MOSCOW – From the crowd that gathered on Jan. 13 at Moscow's Central Telegraph building, just up the block from the Kremlin, you would think someone was handing out envelopes of cash. There were pensioners, housewives, college students, and school teachers packing into the entryway and spilling out onto the street, all craning to get a look at the narrow head that stuck up above the throng. Even from the back of the crowd you could see it -- the bobbing noggin of the 6 foot, 8 inch, billionaire Mikhail Prokhorov, who was there to open a campaign office as part of his race for the Russian presidency.
The strange part was that he seemed to be having fun interacting with voters, listening to their lamentations, letting them pinch the fabric of his coat. But here's the really strange part: Everyone there, except for most of the journalists, really believed he could win.
The narrative in the press so far (except in Russia's state-run media) has labeled Prokhorov a Kremlin puppet, an assumption based mostly on experience. Candidates in Russian presidential elections going back to 2000, when Vladimir Putin first became boss, have pretty much all belonged to the so-called "constructive" (read: token) opposition. These are men like the Communist Gennady Zyuganov and the sideshow nationalist Vladimir Zhirinovsky, who have run and lost in almost every presidential race since the fall of the Soviet Union, each time with a little less heart. (They both sat out in 2004, when Putin's popularity peaked at well above 70 percent.) Now both in their late 60s, they don't campaign too hard anymore, at least not in the whistle-stop sense of the word, and the running joke about them has been the same among voters for a decade: "Comrade Zyuganov (or Herr Zhirinovsky), you have won the presidency! What is your first decree?"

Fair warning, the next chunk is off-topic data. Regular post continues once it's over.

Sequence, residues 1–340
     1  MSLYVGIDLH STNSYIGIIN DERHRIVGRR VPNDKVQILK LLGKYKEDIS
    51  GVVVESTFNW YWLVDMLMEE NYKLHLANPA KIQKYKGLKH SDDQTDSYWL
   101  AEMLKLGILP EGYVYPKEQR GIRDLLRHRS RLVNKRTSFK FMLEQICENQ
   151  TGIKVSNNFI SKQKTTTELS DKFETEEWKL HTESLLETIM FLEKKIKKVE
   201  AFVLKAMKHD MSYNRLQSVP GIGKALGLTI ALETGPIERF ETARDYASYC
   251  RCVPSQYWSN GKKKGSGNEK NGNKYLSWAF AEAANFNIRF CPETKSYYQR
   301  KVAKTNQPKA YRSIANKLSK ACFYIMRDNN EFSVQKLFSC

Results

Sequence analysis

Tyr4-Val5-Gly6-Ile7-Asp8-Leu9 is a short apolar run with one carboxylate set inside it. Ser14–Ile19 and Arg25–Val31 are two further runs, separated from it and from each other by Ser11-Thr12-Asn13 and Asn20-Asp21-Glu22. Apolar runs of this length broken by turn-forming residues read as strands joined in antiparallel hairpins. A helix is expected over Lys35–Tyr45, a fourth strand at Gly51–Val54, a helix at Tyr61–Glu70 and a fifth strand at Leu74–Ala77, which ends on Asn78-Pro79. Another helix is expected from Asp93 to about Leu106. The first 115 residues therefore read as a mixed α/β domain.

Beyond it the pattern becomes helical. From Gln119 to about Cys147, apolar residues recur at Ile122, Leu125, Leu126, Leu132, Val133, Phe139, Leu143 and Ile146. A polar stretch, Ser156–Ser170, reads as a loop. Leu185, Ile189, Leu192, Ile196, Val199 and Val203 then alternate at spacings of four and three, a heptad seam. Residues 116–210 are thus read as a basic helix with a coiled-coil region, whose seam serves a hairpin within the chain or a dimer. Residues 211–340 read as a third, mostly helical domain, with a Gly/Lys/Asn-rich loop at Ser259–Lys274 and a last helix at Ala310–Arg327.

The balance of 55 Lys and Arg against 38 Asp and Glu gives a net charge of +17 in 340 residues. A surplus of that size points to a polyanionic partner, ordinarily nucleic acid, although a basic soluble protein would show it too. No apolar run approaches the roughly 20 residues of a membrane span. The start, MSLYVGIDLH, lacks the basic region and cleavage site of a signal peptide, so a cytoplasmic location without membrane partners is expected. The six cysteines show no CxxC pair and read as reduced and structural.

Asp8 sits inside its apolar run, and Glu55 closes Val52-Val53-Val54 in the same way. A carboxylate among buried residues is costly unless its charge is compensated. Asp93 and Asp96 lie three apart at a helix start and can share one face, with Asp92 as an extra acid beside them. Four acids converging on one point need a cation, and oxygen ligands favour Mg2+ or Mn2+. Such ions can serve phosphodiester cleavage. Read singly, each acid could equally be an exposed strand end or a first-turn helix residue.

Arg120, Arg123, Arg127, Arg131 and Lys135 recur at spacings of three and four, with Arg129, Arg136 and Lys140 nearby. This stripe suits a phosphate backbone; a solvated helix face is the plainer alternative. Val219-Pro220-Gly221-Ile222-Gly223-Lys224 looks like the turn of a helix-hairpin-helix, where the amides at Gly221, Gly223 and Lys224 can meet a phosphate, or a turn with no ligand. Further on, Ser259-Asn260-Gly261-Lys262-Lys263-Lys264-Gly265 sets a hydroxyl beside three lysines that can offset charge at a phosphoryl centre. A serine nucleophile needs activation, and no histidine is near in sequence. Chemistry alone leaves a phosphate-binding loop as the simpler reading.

"Um. Um. I decree that all presidential powers should immediately be transferred to Putin."
Candidates with a more independent pedigree, such as Grigory Yavlinksy, the head of the liberal Yabloko party, are usually kept out of the race. And sure enough, the Central Election Commission denied Yavlinsky registration last month, claiming he had forged a quarter of the 2 million signatures needed to get on the ballot. That left the dynamic duo of Zyuganov and Zhirinovsky running alongside the other leader of the constructive opposition, Sergei Mironov, who gets about as much traction claiming independence as does Putin's black Labrador. When he ran against Putin in 2004, Mironov openly supported the candidacy of his rival, and when Putin's second term in office was running out in 2008, Mironov helpfully proposed changing the constitution to allow his old friend to stay for four more years.
So what about Prokhorov? He is, at 46, by far the youngest candidate, lives the life of a jet-setting bachelor, does not belong to any political party, has never held office, and has an estimated fortune of $18 billion. He even owns an NBA team, the New Jersey Nets, making it hard to believe that he can be bought with a suitcase full of cash. As the cynic's wisdom goes these days, he could simply be after the good graces of Putin's Kremlin, which could grant him more nickel and gold mines -- the sources of most of his wealth. He could also be after a senior position in government that would allow him to lobby his interests. But whatever his motivations, Russia's opposition leaders, both constructive and unconstructive, are convinced that Prokhorov is a stooge. "He is in cahoots with Putin in these elections, there is no doubt about that," says Boris Nemtsov, one of Prokhorov's close personal friends and a leader of the popular opposition movement. "Prokhorov is tied in with the government at every stitch, like any big businessman in Russia. So Putin has every ability to grab him by the horns and twist."